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Still Star-Crossed or Nah?

Or Nah? is a feature where we watch and review the first episode of a new TV show. We’ll let you know if it’s worth checking out. As always, these reviews are the opinion of the reviewer, but we’ll try to adequately explain why you should or shouldn’t give the show a chance and provide shows for comparison.

Images: ABC

Romeo and Juliet, Montagues and Capulets, these names are ingrained in the minds of many students of English literature. Still Star-Crossed is the Shonda Rhimes led production based on Melinda Taub’s novel of the same name. In this world, we find out what happens in fair Verona after Romeo and Juliet’s deaths. The show opens with Romeo and Juliet’s wedding where the witnesses are Juliet’s cousin Rosaline (Lashana Lynch/ Death in Paradise; Crims), and Romeo’s cousin Benvolio (Wade Briggs/ Please Like Me; Home and Away). Neither witness seems particularly pleased that the wedding is happening. Nevertheless, the event successfully happens and the officiate, Friar Lawrence (Dan Hildebrand/Game of Thrones; Deadwood), sends a young messenger away to tell a yet unknown person, that the wedding took place.

Before the deaths of Mercutio and Tybalt which ultimately lead to Romeo’s banishment from Verona and Juliet’s decision to fake her death, we gain insight into the backstories of Shakespeare’s original characters and Taub’s new characters. The most interesting characters are two sets of siblings: Rosaline and Livia (Ebonée Noel/ Law & Order: Special Victims Unit; Long Nights Short Mornings), and Princess Isabella (Medalion Rahimi/The Catch; Awkward) and Prince Escalus (Sterling Sulieman/Veep; Modern Family). Rosaline and Livia are both daughters of Lord Capulet’s now deceased brother. The sisters are recognized as Capulets but they are also servants to the household. Their aunt Lady Capulet (Zuleikha Robinson/The Following; Kingdom) has nothing but disdain for her nieces and doesn’t try hard to conceal this fact. Conversely, her husband, Lord Capulet (Anthony Stewart Head/Buffy the Vampire Slayer; Dominion) wants his nieces to be introduced to society and stop serving the household. Rosaline wants to become a nun and Livia is determined to marry a rich man who will build a family with her. The royal siblings are now in control of Verona and tasked with their father’s deathbed wish to put Verona’s stability ahead of everything else.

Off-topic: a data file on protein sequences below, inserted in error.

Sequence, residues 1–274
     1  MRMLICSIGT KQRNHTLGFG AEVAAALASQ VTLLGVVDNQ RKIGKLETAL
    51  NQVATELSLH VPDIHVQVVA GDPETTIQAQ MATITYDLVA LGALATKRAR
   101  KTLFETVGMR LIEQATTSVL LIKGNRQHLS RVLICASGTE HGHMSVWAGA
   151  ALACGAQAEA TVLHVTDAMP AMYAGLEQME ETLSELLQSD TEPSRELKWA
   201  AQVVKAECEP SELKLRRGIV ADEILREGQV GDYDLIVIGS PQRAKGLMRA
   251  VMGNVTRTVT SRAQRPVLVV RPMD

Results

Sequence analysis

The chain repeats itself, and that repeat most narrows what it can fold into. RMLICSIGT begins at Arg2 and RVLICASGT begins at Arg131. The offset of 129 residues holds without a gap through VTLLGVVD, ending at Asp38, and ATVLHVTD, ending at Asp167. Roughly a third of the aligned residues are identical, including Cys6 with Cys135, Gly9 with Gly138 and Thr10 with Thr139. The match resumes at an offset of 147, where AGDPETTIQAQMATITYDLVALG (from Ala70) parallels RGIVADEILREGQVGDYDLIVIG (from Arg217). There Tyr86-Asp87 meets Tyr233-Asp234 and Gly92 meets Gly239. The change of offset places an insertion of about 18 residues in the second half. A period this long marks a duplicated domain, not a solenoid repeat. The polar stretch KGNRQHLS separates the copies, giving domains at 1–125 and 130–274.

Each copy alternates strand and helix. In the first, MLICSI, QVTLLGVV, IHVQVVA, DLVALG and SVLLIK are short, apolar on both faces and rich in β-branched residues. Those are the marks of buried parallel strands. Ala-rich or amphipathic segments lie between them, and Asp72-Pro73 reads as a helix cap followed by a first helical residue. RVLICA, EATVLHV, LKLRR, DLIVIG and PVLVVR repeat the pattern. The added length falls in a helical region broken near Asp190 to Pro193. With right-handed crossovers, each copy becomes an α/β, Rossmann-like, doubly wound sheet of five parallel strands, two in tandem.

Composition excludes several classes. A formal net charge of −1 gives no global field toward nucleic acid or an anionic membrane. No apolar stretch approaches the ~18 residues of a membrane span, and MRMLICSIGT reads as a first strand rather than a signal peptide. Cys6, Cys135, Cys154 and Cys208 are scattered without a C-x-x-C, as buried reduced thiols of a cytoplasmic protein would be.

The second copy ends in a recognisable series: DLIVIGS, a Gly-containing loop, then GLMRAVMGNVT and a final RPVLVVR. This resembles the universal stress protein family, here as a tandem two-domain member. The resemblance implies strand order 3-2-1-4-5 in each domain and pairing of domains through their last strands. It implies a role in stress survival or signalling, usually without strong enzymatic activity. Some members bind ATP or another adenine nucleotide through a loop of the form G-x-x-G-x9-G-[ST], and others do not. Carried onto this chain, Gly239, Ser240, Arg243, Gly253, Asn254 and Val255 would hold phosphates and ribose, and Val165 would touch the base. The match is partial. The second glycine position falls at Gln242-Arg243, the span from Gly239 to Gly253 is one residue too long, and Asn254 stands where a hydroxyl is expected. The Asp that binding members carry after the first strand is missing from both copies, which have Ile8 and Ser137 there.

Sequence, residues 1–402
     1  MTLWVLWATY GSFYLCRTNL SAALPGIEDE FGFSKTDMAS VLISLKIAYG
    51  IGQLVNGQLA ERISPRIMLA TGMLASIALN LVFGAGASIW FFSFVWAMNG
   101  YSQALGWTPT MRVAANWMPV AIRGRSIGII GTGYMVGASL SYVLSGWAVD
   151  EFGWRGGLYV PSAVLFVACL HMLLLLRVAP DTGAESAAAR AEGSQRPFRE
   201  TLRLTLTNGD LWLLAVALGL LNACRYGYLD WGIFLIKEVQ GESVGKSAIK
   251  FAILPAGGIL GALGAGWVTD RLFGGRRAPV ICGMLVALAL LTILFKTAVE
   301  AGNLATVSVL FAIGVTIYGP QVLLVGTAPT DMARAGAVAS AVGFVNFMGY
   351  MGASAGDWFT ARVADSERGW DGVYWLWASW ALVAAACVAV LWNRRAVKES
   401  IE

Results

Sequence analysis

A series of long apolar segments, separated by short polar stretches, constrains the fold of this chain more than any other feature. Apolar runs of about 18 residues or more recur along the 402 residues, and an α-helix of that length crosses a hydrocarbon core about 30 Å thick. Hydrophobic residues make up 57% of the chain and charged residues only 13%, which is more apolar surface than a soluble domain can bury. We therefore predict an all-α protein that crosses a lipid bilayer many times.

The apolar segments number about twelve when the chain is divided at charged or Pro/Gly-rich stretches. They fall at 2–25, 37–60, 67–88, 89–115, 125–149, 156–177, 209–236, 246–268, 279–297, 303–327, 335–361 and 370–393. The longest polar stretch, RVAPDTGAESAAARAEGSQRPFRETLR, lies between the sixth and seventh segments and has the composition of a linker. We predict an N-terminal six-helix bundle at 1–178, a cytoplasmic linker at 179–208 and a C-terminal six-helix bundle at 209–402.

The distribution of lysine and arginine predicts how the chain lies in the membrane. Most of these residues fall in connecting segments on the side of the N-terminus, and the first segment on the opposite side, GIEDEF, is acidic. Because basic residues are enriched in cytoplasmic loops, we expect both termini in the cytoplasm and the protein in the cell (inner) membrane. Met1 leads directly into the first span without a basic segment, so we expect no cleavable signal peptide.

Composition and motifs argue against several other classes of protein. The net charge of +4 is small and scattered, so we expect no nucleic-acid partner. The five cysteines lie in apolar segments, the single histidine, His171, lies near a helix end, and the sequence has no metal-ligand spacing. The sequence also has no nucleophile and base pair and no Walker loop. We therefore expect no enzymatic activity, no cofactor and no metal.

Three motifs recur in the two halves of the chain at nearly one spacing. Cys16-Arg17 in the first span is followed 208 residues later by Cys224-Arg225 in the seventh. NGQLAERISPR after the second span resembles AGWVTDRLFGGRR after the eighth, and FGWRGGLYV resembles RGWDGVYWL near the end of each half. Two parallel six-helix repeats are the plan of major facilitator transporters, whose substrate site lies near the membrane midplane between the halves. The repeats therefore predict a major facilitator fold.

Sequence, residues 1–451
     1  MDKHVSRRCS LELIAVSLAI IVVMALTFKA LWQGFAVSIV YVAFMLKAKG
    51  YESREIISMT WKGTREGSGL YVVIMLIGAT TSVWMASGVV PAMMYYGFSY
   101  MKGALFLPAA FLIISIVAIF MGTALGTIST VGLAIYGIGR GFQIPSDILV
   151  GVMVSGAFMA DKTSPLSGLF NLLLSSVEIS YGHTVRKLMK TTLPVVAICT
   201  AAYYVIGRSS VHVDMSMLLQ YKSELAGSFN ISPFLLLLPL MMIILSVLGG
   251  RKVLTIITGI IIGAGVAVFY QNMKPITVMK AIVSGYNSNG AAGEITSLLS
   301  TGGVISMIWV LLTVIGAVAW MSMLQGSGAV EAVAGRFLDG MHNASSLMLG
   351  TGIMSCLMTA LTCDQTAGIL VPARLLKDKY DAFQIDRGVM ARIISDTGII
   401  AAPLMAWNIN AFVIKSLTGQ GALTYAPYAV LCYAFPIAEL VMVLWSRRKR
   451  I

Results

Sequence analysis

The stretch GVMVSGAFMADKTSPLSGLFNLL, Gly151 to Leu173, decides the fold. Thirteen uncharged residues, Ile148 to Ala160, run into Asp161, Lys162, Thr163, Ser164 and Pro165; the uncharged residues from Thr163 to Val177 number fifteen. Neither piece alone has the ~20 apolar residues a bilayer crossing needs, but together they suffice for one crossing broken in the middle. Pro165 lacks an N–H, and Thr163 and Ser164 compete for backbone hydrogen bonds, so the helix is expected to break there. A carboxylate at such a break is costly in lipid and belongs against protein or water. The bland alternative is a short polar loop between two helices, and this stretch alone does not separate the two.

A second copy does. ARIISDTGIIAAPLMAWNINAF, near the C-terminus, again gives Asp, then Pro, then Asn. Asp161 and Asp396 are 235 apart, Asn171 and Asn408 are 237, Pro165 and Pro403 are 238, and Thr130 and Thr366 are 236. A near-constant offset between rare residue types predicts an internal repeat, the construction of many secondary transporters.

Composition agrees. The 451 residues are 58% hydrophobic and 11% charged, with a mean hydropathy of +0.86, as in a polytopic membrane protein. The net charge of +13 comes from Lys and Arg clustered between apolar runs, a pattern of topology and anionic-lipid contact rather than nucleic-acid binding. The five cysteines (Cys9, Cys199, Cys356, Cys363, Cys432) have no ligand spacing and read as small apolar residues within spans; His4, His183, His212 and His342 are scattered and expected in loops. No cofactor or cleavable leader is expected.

Rosaline and Livia are allowed to attend the royal ball and Lady Capulet attempts to embarrass Rosaline in front of the prince and princess. Although Rosaline is now a servant, the royal siblings remember their previous friendships with Rosaline and treat her with respect.  During the ball Mercutio is stabbed by Tybalt and Romeo unwillingly kills Tybalt. True to the original text, Romeo and Juliet die, but in this version, Rosaline is the person who helps Juliet procure the potion that ‘kills her’. In the wake of Romeo and Juliet’s death, Lady Capulet attempts to make Rosaline feel guilty for being alive instead of Juliet. If you’re counting, this is the third time Auntie Capulet has been shady in regard to her nieces. When Rosaline decides she’s had enough and claps back at her aunt, we gain some insight into Lady Capulet’s behavior. Rosaline accuses her aunt of treating her and Livia badly because Lady Capulet wanted to marry their father, Lady Capulet’s husband’s brother. Instead, the man who Lady Capulet loved, married Rosaline and Livia’s mother. Consequently, the girl’s auntie was jealous of her sister-in-law and her nieces. In retaliation, Lady Capulet slaps Rosaline.

We find out that the mystery person who Friar Lawrence informed of the wedding was Romeo’s father, Lord Montague (Grant Bowler/Defiance; Getting On). In fact, Lord Montague paid the priest to marry Romeo and Juliet. Papa Montague wanted the union, not for the sake of love, but because the Capulets would be forcibly aligned to the Montagues.